Photo 13: Hotel Voronyezs, Brno, 1979 Source: F.J.: Hotel Voronyezs, Brno (Czechoslovakia). In Magyar Építőművészet. 1980/6, 42.

Photo 14: Interior of the Hotel Voronyezs (Snack bar, staircase), Brno, 1979 (The photo on the left shows the wall-mounted pieces of the globe lamp series). Source: F.J.: Hotel Voronyezs, Brno (Czechoslovakia). In Magyar Építőművészet. 1980/6, 45.

Photo 15: “City-grill fast food restaurant opened in the city center—Budapest, 5 April 1985. The entrance to the City-grill fast food restaurant on Bajcsy-Zsilinszky Street. The Belvárosi Vendéglátó Vállalat opened a McDonald’s-style fast food restaurant under the name City-grill. The new restaurant is part of a fast-food system that offers a full range of products to customers throughout its opening hours.” MTI Photo by László Varga. Source: MTVA Archívum Fotótár

Photo 16: “Guests in the City-grill fast food restaurant—Budapest, April 5, 1985” MTI Photo by László Varga. Source: MTVA Archívum Fotótár here and here

Photo 17: Hotel Claudius, Szombathely, 1976. Source: fortepan—donated by Tibor Inkey, photo no.: 120808

Photos 18-19: The interiors of the Hotel Claudius, Szombathely, 1972 (The left photo shows the lamp of Konsztandinidisz Iraklisz on the corner of the reception desk) Source: fortepan—donated by Sándor Bauer, photo nos. 126688 and 110954

Photo 20: “One of the rooms of Hotel Claudius—Szombathely, August 16, 1983” MTI Photo by Tamás Farkas. Source: MTVA Archívum Fotótár

After the change of regime, Tibor Házi was looking for opportunities where he could freely experiment with different glass techniques, such as blow molding. Together with his friend György Rénes, also a glass designer, they wanted to set up their own glassworks in Parádsasvár, but this was only later realized through Rénes’ son.

In 1991, in Bárdudvarnok, Házi was one of the founders of the Goszthonyi Mária Nemzetközi Üveg Alkotótelep és Szimpozion Alapítvány, which has organized several symposiums. Here he made his vases entitled Szívügyeim (My Heart Affairs—free translation) and his glass sculptures entitled Galapagos.

Photo 21: Tibor Házi: Szívügyeim—vase series. Source. In Népszava. T.T.L., T.S., Vol. 119, No. 197, No. 6, August 23, 1991.

Photo 22: Tibor Házi: Round-A, Round-B—vases. Kortárs Magyar Üveg 1990—Catalogue of the I. Tihanyi Üvegtriennálé (pages 18 and 35) Source: Arcanum Digitális Tudománytár

Photo 23: Tibor Házi: Galapagos I-III—glass sculptures. International Glass Symposiums—Bárdudvarnok-Bárdibükk, Hungary, 199-1995 (pages 20 and 47) Source: Arcanum Digitális Tudománytár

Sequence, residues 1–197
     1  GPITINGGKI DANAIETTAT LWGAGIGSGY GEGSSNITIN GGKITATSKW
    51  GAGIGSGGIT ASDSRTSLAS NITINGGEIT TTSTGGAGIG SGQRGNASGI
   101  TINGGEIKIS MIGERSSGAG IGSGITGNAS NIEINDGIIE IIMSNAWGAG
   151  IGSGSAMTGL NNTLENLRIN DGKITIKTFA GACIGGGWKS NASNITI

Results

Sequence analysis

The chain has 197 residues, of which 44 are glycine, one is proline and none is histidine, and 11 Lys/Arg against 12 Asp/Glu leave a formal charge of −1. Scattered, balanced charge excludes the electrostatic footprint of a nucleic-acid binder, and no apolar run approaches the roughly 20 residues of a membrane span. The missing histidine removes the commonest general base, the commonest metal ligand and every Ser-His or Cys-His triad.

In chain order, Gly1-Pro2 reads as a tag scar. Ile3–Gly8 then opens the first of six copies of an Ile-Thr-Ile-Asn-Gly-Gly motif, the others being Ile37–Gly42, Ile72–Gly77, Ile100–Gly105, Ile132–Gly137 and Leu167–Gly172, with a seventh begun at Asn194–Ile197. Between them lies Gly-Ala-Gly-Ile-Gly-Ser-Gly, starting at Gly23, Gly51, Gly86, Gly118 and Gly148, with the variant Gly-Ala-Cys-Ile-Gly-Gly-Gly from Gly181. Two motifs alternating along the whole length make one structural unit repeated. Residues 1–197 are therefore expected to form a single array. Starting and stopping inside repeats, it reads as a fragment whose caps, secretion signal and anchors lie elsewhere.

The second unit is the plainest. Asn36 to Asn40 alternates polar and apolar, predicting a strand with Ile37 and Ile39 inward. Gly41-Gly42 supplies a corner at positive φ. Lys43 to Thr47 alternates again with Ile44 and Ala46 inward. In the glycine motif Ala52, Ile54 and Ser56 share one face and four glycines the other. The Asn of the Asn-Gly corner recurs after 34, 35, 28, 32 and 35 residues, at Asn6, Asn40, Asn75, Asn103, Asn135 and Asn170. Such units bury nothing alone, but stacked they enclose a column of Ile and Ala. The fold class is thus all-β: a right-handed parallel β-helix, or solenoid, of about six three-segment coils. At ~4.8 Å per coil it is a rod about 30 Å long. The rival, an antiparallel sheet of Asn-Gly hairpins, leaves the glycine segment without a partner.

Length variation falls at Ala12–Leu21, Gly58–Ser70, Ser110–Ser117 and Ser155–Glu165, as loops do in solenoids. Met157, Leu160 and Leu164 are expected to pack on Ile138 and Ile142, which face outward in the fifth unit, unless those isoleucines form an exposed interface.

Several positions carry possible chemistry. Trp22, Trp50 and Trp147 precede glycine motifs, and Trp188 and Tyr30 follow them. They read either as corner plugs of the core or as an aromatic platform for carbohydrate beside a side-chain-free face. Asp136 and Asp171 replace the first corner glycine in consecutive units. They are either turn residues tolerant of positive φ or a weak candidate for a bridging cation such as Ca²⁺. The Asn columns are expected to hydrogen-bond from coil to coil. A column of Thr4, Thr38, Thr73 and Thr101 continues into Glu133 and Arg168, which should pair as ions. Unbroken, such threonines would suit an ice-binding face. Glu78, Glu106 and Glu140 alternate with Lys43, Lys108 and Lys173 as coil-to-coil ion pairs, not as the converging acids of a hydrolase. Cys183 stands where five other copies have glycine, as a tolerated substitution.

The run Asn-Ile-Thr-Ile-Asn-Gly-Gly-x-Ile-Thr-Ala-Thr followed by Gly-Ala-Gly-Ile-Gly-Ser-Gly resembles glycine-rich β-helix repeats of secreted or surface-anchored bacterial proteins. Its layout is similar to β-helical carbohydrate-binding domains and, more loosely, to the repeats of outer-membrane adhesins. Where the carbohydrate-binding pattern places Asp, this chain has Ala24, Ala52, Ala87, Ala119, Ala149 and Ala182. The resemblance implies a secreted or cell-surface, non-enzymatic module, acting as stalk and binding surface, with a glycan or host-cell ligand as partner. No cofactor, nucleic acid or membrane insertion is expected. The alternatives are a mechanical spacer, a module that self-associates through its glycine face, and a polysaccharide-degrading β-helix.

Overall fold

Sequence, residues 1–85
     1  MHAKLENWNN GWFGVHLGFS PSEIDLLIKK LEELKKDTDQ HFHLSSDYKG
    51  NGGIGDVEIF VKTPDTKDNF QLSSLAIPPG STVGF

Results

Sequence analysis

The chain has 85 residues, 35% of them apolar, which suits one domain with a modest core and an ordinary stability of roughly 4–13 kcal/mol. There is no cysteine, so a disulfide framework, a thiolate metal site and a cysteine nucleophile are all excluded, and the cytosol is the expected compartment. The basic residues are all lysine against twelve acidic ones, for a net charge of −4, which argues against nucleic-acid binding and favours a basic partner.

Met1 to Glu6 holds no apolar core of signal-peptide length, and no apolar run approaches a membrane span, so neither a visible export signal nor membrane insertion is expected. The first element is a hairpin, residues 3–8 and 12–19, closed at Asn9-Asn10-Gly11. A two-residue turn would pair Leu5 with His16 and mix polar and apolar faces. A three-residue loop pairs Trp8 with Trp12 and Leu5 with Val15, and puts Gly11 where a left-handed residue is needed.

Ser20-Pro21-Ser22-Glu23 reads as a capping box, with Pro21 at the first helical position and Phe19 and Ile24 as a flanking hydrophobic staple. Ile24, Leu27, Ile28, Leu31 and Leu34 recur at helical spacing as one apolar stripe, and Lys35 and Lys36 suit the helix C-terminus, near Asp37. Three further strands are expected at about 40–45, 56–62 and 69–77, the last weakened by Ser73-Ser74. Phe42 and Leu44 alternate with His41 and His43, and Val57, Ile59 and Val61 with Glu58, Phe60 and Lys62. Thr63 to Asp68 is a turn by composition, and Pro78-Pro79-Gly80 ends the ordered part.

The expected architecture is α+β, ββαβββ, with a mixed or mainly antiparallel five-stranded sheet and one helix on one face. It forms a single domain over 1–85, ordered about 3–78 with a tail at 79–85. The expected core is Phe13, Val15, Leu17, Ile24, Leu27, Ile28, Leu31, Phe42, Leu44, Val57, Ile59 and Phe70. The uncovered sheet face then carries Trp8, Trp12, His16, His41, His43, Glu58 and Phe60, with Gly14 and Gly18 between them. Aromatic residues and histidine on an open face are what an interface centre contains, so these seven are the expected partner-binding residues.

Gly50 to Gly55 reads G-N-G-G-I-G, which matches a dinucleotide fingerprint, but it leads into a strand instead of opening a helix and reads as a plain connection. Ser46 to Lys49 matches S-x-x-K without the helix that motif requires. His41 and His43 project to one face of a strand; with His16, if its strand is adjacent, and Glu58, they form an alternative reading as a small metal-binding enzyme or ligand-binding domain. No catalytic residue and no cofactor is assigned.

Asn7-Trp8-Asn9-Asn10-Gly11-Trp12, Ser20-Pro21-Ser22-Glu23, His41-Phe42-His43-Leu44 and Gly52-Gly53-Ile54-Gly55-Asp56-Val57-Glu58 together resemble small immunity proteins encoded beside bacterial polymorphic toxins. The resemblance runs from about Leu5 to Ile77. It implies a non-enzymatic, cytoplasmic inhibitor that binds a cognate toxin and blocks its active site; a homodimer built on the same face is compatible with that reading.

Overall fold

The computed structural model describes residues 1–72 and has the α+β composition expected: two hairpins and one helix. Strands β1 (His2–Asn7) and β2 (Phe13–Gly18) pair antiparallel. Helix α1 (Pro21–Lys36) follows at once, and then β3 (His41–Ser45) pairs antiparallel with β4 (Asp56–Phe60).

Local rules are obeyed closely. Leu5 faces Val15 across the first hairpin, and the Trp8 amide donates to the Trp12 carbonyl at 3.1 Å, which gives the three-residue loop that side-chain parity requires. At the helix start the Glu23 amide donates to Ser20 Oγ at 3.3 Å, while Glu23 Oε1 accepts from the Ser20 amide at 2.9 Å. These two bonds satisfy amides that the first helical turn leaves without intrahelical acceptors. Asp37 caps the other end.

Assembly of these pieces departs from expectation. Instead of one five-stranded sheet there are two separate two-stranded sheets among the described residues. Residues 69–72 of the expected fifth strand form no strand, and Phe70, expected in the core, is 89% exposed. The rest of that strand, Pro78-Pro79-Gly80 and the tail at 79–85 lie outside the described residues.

Unfortunately, Tibor Házi was unable to complete his experiments. His memory is commemorated by a permanent exhibition in Bárdudvarnok and a traveling award (this year reorganized as an artist’s prize). In addition to Bárdudvarnok, his objects are in the collections of Veszprém, Kaposvár and the Museum of Applied Arts. His creative talent was passed on to his daughter, Borbála Illényi-Házi, one of his three children, who graduated in weaving from the Hungarian University of Applied Arts in 2003.[6]

[1] Pieces of the bowl set designed between 1973 and 1975 are in the Ceramics and Glass Collection of the Museum of Applied Arts, Nos 88.358-88.361.

[2] The Museum of Applied Arts Contemporary Design Collection includes two Guzzini-Meblo floor lamps, see inventory numbers 2018.24.1. and 2020.53.1., the latter donated to the museum by Dávid Kovács.

[3] Tibor Házi himself commented on this in an interview:

“After college, a graduate designer has two paths: to become a glass factory designer or to freelance. (Which often means »free drowning«.) After some trial and error, when I discovered that by »lamp design« many people meant cutting and decorating parchment and rayon lampshades—I chose my own path. I designed a floor lamp with a pear-shaped metal frame. I had to find an ironmonger to make the iron core, a pipe bender, a grinder, a polisher, a nickel-plating and a chrome-plating machine. Parts had to be made in sufficient quantities to make it all assembled. I was also very lucky to meet a technician who has since become my partner and fellow creator, Gyula Pallás, who contributes with a lot of ideas to the work we do together.”

Aliz TORDAY: The lamp in the reflector light. Tibor Házi and OPTEAM. In Esti Hírlap. 1980 (June 12), Vol. 25 No. 137. [No page numbers, highlights in the original text.]

The glass designer’s not-so-unique story correlates with József Vadas’ bitter observation that factories in Hungary do not employ lamp designers—all of which appeared in his review of the book, “Telltale”:

József VADAS: Inglorious lights. In Life and Literature. (September 18, 1976), Vol. 20 No. 38, 12.

[4] Telephone interview with Vince Házi on October 14, 2021.

[5] F.J.: Hotel Voronyezs, Brno (Czechoslovakia). In Hungarian Architecture. 1980/6, 42-46.

[6] My sincere thanks for all the help in this research to Vince Házi and J. Gyula Pallás.

In our Object Fetish series, we tell you about emblematic pieces of domestic object culture. We explore objects and their designers: we ask questions, we investigate, we discover. A bi-monthly edition in the collaboration of Kitti Mayer and Piroska Novák, design theorists. 

Collaborating partner for the series:

No Comments

Leave a Reply

Your email address will not be published. Required fields are marked *